• There are no other options, genniemom. The Pill isn’t a cure-all. It’s a stop-gap that’s less invasive than surgeries that WILL have to be repeated.

      And cleaning out endo does NOT improve fertility.

      The cause of endo seems to be a cause of infertility. Unfortunately, no one knows what that is.

  8. I have endo, and the Pill made my symptoms worse PLUS I had horrible side effects. I know anecdotes =/= data, but I have yet to meet an endo patient that the Pill truly helped. Most of them still have significant symptoms but are afraid to go off because “if it’s this bad with the Pill, how much worse will it be without?”

    I’ve used herbals (Shatavari in particular) with some success, but the only thing that eliminated my symptoms was excessive exercise. I run marathons, and as long as I run 20+ miles a week I have no pain. I was injured a couple months ago, and from my last run to first pain was 3 weeks, first pain to completely debilitated and heading to surgery was 5 weeks. Clearly the endo was still growing, and I would have eventually needed surgery no matter what, but I’ll gladly take the exercise and no pain between crises rather than the Pill.

    • You can count me as one that the pill helped. Every time I have been on the pill, my pain has at least not gotten worse, and usually gradually gets better over time. Every time I have been off the pill, my symptoms get progressively and markedly worse every month.

    • I’m another one that the pill helped. I thought I could manage my endo off of it, but landed myself in the ER. After having surgery I’m back on the pill, and along with some diet changes and the like, I can actually have a cycle without feeling like I’m going to keel over. In fact this is the first time in my life my cycles actually feel “normal” to me!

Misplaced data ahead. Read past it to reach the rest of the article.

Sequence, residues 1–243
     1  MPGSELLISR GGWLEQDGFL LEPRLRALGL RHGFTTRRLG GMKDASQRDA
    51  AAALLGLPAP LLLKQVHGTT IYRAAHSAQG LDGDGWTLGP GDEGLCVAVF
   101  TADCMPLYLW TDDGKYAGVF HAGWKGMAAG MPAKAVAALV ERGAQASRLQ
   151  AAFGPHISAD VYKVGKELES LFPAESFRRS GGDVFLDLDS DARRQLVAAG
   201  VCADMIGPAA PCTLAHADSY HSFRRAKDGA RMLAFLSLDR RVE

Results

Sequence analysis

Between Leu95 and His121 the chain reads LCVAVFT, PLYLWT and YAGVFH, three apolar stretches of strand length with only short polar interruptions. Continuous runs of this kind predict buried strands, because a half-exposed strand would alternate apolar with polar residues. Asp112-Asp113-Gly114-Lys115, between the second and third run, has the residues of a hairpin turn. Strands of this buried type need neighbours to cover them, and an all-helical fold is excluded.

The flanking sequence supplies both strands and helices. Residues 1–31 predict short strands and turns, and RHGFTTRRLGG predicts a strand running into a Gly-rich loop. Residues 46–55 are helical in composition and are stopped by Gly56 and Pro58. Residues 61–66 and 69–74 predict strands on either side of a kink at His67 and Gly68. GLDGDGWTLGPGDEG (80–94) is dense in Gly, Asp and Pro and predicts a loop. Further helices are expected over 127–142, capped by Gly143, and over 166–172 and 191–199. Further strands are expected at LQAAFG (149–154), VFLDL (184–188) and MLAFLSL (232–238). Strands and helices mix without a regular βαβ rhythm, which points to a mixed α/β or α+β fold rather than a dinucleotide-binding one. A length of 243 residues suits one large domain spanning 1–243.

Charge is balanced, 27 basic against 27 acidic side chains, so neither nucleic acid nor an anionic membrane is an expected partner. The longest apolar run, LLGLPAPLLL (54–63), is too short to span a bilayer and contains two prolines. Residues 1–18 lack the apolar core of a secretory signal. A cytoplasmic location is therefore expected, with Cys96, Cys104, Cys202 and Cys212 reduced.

I’ll have to see what happens on the fertility side of things when DH and I start trying, but I’m very much thankful that the horrendous pain is now under control!

    • I was literally crippled by my endo when I was a teenager. I missed 2 weeks of school nearly every month because I couldn’t get out of bed, in and out of the ER for pain, etc. At the age of 19, I was using a cane to help me get around because the pain was so bad. I had to plan all my trips in 10 minute spurts because I couldn’t stay straight for more than ten minutes.

      The pill didn’t help anything, and it wasn’t until I was 26 and got a sympathetic doctor, endocrinologist and got proper treatment that I finally got to live a normal life.

      • I don’t know much about endometriosis, and less about treatment options. I like to learn new things; do you mind me asking what treatment you received that worked for you? :)

  9. Sounds like something that happenend with my mother. She was complaining about painful, and heavy periods for years, and her docotr wanted to perscibe birth control pills. Finally I convince her to switch doctors, she does an ultrasound, thinks uterine cancer, and refers her to an OB Oncologists. he does an hystectomy two weeks later, no cancer, but she feels so much better not to be having a period all month long.

    OP, I hope you found a healthcare provider who took your concerns seriously. They do exist, they’re jst hard to find.

  10. The thing that I find really troublesome here is the word “might.” You MIGHT have endo. If a lap hasn’t been done to confirm a diagnosis, then this doctor has no way to know that for sure. That means he could very easily be missing an even more serious diagnosis!

    (I don’t mean to imply that endo isn’t serious because it certainly can be! I have severe endo and it has caused more problems than I could shake a stick at.)

  11. Laproscopy is the wrong first approachnfor pelvic pain see endometriosis website it is a chronic disease and surgery should be avoided if possible bcp and NSAIDs should be tried first then visane then depo Lupron then as last resort laproscopy by laser laproscopists too many times scope is first option no Endo is seen and no treatment is given. Guess what the woman still has pain